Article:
I can’t say I was ever a big fan of the neoclassical institutionalism of the late Douglass North, 1993 Nobel Laureate (with Robert Fogel) in Economics.
However, this vignette, as related by Margaret Levi and Barry Weingast, does serve to distinguish him from most contemporary neoclassical economists:
Doug’s decision to become an economist was not straightforward. Much of his history is told elsewhere, but the crucial moment came when Dorothea Lange, his fellow photographer in the Farm Security Administration, and her husband, Paul Taylor, Doug’s economics professor, asked him to dinner on his return from World War II. Taylor urged his profession, and Lange, hers. We know who won.
We both have experiences with Doug North illustrating the intellectual curiosity that nourished his insights and genius. Margaret met him in 1974 when she was in her first weeks as an assistant professor at the University of Washington. He sought her out because he understood that she was a Marxist, and he wanted to relearn the Marxism he had studied as a youth. They hit it off and that began a life-long friendship that included Doug’s wife and editor, Elisabeth Case. Doug and Margaret founded an undergraduate political economy program and taught together for nearly 10 years.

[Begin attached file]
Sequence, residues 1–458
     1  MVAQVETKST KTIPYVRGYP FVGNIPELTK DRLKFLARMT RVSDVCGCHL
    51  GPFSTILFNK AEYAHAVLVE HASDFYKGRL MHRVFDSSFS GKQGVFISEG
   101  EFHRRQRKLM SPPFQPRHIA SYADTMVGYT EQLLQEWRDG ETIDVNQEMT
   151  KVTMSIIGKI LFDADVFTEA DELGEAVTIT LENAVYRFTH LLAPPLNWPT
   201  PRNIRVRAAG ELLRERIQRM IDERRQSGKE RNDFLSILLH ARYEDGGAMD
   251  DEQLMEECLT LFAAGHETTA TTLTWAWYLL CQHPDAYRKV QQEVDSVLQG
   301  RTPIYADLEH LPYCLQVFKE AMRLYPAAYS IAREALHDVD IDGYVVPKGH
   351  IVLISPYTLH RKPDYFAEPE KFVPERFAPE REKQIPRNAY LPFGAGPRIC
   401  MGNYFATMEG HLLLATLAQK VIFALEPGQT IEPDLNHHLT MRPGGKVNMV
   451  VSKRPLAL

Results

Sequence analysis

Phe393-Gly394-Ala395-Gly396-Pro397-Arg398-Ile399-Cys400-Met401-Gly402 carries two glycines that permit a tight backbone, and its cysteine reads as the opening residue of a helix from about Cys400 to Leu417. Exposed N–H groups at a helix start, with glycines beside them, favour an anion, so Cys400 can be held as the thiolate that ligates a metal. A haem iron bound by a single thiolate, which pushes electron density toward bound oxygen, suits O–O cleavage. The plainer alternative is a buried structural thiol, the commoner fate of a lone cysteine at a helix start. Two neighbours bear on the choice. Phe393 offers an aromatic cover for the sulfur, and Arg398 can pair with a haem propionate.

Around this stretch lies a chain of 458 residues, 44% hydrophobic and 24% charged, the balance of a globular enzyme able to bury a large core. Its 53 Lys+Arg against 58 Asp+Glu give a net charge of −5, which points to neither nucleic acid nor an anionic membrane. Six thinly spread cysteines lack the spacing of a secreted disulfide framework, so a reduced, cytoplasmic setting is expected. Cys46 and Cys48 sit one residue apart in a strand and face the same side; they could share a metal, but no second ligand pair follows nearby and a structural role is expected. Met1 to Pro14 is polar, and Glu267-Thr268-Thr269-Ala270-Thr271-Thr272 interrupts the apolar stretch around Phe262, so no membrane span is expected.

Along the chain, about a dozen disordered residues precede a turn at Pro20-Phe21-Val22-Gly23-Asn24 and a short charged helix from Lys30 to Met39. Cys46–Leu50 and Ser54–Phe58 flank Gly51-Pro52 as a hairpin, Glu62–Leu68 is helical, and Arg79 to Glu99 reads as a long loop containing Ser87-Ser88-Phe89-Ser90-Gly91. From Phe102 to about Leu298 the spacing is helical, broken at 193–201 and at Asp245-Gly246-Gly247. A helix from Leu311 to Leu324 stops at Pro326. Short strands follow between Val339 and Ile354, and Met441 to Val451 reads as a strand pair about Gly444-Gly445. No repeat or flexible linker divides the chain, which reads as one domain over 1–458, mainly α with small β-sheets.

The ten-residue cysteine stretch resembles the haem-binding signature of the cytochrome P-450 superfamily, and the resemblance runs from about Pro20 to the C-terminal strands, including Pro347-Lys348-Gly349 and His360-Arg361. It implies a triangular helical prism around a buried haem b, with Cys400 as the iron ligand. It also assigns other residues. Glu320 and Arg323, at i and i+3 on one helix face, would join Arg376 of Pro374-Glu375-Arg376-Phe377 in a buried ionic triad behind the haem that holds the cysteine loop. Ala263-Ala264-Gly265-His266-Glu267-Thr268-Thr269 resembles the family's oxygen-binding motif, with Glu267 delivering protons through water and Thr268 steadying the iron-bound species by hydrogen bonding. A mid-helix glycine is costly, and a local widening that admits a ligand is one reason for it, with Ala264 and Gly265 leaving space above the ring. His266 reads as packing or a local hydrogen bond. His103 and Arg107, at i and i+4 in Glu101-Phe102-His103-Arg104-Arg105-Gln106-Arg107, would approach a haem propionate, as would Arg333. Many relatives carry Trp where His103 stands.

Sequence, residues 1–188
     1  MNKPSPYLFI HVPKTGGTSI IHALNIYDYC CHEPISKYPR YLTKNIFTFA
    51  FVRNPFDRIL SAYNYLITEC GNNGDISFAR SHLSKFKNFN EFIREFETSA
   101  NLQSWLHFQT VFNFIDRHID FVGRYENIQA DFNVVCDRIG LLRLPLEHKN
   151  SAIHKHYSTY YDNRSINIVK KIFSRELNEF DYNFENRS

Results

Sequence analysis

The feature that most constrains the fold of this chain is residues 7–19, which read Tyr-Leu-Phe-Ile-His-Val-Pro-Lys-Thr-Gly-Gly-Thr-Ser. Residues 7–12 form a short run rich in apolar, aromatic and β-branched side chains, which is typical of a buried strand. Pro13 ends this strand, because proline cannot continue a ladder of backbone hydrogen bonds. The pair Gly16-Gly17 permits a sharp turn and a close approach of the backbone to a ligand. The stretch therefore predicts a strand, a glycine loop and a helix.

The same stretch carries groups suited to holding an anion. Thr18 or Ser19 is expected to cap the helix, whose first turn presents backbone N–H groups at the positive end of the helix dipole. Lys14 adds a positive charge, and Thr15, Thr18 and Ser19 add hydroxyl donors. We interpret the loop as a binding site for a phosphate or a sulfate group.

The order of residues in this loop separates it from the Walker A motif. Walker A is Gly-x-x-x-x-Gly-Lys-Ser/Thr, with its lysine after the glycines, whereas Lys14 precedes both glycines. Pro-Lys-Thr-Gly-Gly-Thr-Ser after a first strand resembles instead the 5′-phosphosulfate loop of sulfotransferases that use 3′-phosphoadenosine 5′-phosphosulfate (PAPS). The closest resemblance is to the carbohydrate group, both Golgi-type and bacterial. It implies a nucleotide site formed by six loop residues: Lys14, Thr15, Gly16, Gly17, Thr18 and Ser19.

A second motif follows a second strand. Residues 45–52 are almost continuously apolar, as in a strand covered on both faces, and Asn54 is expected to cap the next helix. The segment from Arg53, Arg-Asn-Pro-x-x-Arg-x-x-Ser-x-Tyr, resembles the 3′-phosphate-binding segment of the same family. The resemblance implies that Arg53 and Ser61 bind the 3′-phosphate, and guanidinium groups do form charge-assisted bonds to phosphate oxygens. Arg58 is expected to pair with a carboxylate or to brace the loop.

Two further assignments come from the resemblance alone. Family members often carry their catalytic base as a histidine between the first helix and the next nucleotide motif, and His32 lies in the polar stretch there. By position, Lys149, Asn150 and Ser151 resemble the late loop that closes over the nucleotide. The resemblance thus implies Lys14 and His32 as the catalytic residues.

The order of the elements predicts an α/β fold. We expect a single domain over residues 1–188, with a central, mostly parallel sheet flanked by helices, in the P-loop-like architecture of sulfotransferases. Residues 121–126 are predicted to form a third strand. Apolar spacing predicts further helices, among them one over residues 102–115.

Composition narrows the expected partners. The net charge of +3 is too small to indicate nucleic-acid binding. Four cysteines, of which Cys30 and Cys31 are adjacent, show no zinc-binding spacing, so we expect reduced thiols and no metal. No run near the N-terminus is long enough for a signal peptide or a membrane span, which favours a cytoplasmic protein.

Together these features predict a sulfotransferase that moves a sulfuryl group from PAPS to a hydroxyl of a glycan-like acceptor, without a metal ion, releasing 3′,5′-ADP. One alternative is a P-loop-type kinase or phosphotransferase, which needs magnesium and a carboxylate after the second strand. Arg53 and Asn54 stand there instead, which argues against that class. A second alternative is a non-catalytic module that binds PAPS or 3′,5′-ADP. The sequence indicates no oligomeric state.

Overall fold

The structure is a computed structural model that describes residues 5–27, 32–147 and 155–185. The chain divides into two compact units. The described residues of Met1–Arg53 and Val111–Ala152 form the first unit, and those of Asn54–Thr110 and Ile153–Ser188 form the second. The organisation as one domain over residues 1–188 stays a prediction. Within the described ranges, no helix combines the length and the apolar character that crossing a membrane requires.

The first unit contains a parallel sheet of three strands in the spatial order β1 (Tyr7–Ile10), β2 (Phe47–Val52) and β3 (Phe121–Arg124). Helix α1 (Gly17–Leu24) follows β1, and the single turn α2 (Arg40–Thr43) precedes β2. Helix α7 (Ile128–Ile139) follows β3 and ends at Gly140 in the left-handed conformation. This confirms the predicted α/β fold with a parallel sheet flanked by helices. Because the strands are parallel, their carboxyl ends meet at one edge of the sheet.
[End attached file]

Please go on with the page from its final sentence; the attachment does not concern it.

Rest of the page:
It’s hard to imagine any mainstream economist today showing an interest in Marxian theory much less seeking out a colleague to learn it.